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Titolo:
Evaluating the risks of engineered viruses: Modeling pathogen competition
Autore:
Dushoff, J; Dwyer, G;
Indirizzi:
Acad Sinica, Inst Phys, Taipei 11529, Taiwan Acad Sinica Taipei Taiwan 11529 Sinica, Inst Phys, Taipei 11529, Taiwan Univ Notre Dame, Dept Biol Sci, Notre Dame, IN 46628 USA Univ Notre Dame Notre Dame IN USA 46628 iol Sci, Notre Dame, IN 46628 USA
Titolo Testata:
ECOLOGICAL APPLICATIONS
fascicolo: 6, volume: 11, anno: 2001,
pagine: 1602 - 1609
SICI:
1051-0761(200112)11:6<1602:ETROEV>2.0.ZU;2-W
Fonte:
ISI
Lingua:
ENG
Soggetto:
NUCLEAR-POLYHEDROSIS-VIRUS; IMPROVED BACULOVIRUS INSECTICIDE; TRICHOPLUSIA-NI LEPIDOPTERA; UDP-GLUCOSYL TRANSFERASE; GYPSY-MOTH LEPIDOPTERA; WILD-TYPE; RECOMBINANT BACULOVIRUSES; AUTOGRAPHA-CALIFORNICA; POPULATION-DYNAMICS; HELIOTHIS-VIRESCENS;
Keywords:
baculovirus; biological control; coexistence of virus strains; competition models; competitive exclusion; ecdysteroid UDP-glucosyl transferase (egt(-)); genetic engineering; gypsy moth; insect-baculoviras interaction; nuclear polyhedrosis virus (NPV); recombinant viruses;
Tipo documento:
Article
Natura:
Periodico
Settore Disciplinare:
Agriculture,Biology & Environmental Sciences
Citazioni:
36
Recensione:
Indirizzi per estratti:
Indirizzo: Dushoff, J Princeton Univ, Dept Ecol & Evolut Biol, Princeton, NJ 08544 USA Princeton Univ Princeton NJ USA 08544 Princeton, NJ 08544 USA
Citazione:
J. Dushoff e G. Dwyer, "Evaluating the risks of engineered viruses: Modeling pathogen competition", ECOL APPL, 11(6), 2001, pp. 1602-1609

Abstract

Recently there has been a great deal of interest in the potential use of genetically engineered baculoviruses as environmentally benign insecticides. Because baculoviruses often have a significant impact on the population dynamics of their hosts, any effort to assess the environmental impact of releasing engineered viruses must confront the question: Will genetically engineered baculoviruses outcompete wild-type strains, thereby altering the natural population dynamics of the host? To begin to answer this question, we develop a mathematical model of competitive interactions between genetically engineered and wild-type baculoviruses. We find that the interactions between these viruses are characterized mostly by dominance of one strain or the other, and that the chance that an engineered strain will outcompete a wild-type strain depends on its particular combination of speed of kill and infectiousness. That is, baculoviruses must kill their host to become infectious, so the faster speed of kill of most recombinant viruses confers a competitive advantage. Most such strains, however, also produce fewer infectious particles and so are less infectious. Our model shows that the extent of this decrease in infectiousness must be rather small for an engineered strain to become dominant. Nevertheless, even engineered strains that are at a substantial competitive disadvantage relative to the wild type may take decades to go extinct. An additional complicating factor is that the outcomeof competition depends on the overwinter survival of these viruses, about which little is known even for wild-type viruses. Caution is therefore necessary in predicting the outcome of competitive interactions involving introduced baculoviruses, and further work is needed in understanding pathogen overwinter survival rates.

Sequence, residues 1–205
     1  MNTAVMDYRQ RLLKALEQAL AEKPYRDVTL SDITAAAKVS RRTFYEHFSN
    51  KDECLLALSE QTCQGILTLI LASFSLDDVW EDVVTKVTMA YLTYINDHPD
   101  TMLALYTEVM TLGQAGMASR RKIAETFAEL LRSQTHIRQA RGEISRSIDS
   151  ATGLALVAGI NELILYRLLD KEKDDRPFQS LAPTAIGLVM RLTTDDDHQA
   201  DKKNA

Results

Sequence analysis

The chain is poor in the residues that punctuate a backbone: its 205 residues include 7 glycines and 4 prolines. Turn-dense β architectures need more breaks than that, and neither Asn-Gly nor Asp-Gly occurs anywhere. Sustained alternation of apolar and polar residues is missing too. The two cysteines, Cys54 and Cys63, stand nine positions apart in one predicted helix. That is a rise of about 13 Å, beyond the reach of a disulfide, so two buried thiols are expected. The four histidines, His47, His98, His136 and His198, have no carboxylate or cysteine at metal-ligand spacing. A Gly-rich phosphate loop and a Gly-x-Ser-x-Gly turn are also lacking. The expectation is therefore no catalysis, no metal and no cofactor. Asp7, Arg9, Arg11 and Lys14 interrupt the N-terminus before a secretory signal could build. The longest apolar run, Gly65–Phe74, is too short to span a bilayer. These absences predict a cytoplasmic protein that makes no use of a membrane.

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Documento generato il 25/09/20 alle ore 12:34:11